Browse Prior Art Database

Noise Reducing Mounting System for Small Electric Motors

IP.com Disclosure Number: IPCOM000081480D
Original Publication Date: 1974-Jun-01
Included in the Prior Art Database: 2005-Feb-28
Document File: 2 page(s) / 43K

Publishing Venue

IBM

Related People

Akers, AL: AUTHOR [+2]

Abstract

Most resilient ring mounting systems in common usage today for small electric motors, depend on a single ring of rubber acting in compression only for noise and vibration damping. The described system employs a single piece of rubber, acting both in compression and in shear for noise and vibration damping. Since rubber will absorb considerably more vibration energy in shear than in compression, greatly improved noise isolation and reduced vibration transmission can be realized.

This text was extracted from a PDF file.
At least one non-text object (such as an image or picture) has been suppressed.
This is the abbreviated version, containing approximately 60% of the total text.

Page 1 of 2

Noise Reducing Mounting System for Small Electric Motors

Most resilient ring mounting systems in common usage today for small electric motors, depend on a single ring of rubber acting in compression only for noise and vibration damping. The described system employs a single piece of rubber, acting both in compression and in shear for noise and vibration damping. Since rubber will absorb considerably more vibration energy in shear than in compression, greatly improved noise isolation and reduced vibration transmission can be realized.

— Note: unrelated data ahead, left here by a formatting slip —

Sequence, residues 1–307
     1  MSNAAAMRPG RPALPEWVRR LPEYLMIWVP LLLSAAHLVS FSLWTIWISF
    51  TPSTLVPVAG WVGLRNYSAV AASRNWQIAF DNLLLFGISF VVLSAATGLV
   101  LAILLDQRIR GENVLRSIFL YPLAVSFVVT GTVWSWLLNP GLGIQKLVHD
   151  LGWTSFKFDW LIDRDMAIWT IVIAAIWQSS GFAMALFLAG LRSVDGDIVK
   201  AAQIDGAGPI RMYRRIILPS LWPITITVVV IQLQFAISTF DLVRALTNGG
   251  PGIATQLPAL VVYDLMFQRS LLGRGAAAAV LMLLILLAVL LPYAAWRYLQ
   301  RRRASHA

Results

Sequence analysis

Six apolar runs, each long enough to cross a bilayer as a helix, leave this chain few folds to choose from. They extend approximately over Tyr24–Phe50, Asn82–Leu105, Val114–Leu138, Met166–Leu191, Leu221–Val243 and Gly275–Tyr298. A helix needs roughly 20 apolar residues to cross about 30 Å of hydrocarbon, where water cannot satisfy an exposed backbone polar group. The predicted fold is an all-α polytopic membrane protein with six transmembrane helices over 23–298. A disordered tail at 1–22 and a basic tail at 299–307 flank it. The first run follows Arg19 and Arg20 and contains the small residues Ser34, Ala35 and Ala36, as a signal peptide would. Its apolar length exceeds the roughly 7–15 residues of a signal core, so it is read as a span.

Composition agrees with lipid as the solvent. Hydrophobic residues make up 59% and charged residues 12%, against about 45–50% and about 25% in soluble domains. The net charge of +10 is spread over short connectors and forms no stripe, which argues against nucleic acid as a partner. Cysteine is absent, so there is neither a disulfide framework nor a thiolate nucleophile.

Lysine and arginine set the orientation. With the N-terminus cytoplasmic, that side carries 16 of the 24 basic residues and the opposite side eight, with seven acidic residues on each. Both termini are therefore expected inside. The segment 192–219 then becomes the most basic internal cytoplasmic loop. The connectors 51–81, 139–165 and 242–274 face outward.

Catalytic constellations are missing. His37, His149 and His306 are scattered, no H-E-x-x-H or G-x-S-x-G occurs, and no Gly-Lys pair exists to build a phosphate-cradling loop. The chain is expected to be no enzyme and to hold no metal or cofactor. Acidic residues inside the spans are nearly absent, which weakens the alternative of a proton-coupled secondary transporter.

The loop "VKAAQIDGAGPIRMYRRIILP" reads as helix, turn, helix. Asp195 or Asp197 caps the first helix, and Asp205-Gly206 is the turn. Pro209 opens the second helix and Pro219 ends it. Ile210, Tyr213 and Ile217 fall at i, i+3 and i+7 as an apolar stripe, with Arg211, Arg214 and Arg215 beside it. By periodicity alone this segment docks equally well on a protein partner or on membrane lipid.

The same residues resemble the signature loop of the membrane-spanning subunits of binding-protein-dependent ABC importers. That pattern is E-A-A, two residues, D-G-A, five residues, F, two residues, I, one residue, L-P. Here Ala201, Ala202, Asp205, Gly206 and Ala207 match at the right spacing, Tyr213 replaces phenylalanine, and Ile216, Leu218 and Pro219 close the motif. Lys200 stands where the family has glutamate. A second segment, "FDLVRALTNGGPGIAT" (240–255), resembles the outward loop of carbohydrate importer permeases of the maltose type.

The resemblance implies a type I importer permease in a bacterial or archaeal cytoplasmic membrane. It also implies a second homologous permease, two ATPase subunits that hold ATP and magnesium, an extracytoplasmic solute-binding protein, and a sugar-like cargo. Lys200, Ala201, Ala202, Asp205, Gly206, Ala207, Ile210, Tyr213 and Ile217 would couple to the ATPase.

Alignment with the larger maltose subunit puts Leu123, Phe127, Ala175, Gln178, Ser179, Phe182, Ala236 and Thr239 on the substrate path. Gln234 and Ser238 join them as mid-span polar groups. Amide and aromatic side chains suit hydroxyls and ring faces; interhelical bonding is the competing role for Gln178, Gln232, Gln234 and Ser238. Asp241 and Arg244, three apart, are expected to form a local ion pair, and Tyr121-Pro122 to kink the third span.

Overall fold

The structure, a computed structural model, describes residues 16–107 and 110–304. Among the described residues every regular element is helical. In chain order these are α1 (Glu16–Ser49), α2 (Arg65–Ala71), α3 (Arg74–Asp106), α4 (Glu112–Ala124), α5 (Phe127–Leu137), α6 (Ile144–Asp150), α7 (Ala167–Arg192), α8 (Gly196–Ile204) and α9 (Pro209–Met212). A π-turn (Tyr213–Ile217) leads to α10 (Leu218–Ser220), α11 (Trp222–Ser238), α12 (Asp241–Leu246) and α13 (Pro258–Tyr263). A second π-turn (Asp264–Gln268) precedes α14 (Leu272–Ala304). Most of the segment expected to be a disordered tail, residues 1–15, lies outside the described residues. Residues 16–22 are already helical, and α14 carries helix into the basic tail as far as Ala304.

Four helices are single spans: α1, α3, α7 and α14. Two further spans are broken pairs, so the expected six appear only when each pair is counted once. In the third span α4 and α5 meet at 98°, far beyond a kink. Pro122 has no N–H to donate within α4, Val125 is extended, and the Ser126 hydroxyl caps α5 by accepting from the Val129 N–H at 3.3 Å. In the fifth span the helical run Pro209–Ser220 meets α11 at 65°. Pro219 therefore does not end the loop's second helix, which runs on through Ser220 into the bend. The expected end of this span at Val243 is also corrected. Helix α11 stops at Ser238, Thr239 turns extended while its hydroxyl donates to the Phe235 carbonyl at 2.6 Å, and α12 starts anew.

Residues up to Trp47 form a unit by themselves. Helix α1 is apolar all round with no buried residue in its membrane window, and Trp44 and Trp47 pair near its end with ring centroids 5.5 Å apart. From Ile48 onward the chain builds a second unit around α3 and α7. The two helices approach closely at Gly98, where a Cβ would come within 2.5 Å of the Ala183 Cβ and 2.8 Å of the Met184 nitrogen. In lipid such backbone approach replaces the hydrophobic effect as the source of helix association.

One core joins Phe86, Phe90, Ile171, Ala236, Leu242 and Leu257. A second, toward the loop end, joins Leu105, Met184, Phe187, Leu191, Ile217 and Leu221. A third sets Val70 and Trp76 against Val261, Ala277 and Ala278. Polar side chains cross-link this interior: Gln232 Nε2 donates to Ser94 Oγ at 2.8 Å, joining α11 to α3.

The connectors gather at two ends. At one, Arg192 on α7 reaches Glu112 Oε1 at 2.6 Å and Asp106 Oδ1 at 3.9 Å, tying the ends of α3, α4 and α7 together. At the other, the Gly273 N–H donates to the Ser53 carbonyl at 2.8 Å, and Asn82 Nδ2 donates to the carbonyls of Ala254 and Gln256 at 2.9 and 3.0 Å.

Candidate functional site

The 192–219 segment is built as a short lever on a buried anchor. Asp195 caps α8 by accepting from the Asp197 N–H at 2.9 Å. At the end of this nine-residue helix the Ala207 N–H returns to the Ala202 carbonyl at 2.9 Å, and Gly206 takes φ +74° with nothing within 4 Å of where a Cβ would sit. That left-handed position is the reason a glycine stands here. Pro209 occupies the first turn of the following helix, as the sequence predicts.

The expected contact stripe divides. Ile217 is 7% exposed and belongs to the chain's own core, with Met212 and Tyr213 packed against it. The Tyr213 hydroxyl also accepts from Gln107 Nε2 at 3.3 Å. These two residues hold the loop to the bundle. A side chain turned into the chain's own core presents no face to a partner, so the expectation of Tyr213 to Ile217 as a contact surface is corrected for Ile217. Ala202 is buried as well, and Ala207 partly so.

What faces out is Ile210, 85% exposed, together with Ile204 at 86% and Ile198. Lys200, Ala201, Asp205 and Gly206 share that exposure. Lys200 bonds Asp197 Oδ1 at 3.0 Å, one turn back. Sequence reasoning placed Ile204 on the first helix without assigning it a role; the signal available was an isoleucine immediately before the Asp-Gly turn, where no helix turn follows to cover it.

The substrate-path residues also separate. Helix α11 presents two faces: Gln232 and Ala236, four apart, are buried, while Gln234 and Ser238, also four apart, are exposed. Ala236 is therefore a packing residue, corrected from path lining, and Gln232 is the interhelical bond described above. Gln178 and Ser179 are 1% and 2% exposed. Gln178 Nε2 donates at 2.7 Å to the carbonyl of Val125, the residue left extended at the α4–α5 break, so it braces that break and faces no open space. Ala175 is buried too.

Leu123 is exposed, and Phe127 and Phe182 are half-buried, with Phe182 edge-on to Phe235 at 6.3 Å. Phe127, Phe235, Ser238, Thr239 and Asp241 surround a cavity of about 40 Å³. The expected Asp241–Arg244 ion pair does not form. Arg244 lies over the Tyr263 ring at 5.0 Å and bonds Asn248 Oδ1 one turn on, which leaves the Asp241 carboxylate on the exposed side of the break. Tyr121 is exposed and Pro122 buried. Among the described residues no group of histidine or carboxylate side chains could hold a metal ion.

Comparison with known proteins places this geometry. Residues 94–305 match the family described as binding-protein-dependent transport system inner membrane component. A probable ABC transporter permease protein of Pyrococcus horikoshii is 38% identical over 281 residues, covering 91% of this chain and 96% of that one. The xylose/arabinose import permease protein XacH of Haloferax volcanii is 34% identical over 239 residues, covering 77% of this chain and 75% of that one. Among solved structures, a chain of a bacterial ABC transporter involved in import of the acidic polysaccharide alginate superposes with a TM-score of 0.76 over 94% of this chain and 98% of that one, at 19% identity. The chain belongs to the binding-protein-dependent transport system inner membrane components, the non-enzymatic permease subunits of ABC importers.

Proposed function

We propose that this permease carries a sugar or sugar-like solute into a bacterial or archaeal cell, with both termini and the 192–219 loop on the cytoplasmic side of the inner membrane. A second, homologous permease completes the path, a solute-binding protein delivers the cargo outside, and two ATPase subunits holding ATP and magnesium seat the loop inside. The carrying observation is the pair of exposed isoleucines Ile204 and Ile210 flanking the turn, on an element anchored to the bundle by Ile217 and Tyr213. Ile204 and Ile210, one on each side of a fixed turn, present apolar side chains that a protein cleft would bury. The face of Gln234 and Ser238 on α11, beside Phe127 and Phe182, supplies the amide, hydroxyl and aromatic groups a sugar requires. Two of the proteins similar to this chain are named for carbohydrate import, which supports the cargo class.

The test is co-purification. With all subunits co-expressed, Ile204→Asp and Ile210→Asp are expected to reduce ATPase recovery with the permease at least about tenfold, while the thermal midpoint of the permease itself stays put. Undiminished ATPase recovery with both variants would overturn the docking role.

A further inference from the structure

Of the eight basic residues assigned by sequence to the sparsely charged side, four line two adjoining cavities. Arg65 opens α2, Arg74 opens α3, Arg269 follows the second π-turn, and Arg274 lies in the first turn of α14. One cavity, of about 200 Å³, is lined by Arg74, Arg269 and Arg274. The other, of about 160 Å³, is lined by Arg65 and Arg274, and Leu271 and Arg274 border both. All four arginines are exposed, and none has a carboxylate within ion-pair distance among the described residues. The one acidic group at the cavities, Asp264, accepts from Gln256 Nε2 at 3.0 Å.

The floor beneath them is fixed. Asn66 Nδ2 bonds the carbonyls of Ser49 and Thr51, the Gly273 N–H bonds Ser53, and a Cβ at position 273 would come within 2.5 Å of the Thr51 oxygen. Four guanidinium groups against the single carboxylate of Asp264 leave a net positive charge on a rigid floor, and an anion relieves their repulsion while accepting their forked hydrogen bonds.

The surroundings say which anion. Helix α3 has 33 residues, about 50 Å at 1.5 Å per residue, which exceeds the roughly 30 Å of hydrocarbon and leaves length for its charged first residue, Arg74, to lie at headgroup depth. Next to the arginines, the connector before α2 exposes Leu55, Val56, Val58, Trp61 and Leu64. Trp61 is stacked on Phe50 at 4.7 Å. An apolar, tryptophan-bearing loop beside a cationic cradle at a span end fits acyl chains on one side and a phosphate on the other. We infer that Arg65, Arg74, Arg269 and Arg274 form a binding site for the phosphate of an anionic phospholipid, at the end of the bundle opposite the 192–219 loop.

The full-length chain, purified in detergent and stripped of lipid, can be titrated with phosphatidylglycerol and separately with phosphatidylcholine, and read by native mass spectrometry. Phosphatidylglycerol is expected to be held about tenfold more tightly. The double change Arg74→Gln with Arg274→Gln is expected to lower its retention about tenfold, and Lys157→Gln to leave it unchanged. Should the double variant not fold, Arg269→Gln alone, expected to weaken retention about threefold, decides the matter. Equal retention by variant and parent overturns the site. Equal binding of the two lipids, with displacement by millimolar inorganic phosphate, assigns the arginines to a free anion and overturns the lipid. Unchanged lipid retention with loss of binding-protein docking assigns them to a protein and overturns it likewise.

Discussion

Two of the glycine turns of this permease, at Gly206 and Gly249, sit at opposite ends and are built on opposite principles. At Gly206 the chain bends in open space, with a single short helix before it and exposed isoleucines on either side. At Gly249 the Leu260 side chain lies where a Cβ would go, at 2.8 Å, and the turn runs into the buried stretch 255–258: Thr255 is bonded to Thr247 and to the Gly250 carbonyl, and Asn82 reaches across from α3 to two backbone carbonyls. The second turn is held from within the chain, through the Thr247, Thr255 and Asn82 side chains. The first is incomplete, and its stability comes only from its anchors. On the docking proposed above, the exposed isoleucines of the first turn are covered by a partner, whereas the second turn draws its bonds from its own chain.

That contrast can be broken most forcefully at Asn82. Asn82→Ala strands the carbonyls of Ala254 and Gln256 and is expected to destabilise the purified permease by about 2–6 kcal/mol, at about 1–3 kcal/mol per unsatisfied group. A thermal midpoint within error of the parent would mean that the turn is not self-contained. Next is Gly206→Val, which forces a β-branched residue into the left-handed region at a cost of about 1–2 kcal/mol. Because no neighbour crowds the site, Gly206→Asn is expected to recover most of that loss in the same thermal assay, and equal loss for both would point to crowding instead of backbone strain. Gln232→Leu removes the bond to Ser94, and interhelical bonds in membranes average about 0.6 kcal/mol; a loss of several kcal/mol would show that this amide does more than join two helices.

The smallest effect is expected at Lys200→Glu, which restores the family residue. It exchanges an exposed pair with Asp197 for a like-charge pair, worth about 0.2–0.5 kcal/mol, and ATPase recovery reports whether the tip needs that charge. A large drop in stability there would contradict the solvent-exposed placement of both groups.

The grommet is arranged so that, at rest position, the weight W of the motor is tending to close the distance between the motor 1 and the base mount 10, in a downward direction. The grommet supports the motor 1 in place through two shear pads 6 acting against the supporting surfaces 7 on the base mount system, and through one compression pad 4 acting against a supporting surface 5 on the base mount system. The shear pads 6 provide good noise and vibration damping characteristics, while the compression pad 4 is necessary to maintain the position of the motor 1 about its nominal center.

When the motor 1 is put under load, a side force F is applied to the motor, tending to close the distance between the motor and base mount 10 in the direction of the force. This direction is normally in a direction perpendicular to the direction of the weight W. Again, the motor is supported in place by the two shear pads 6 acting against the support su...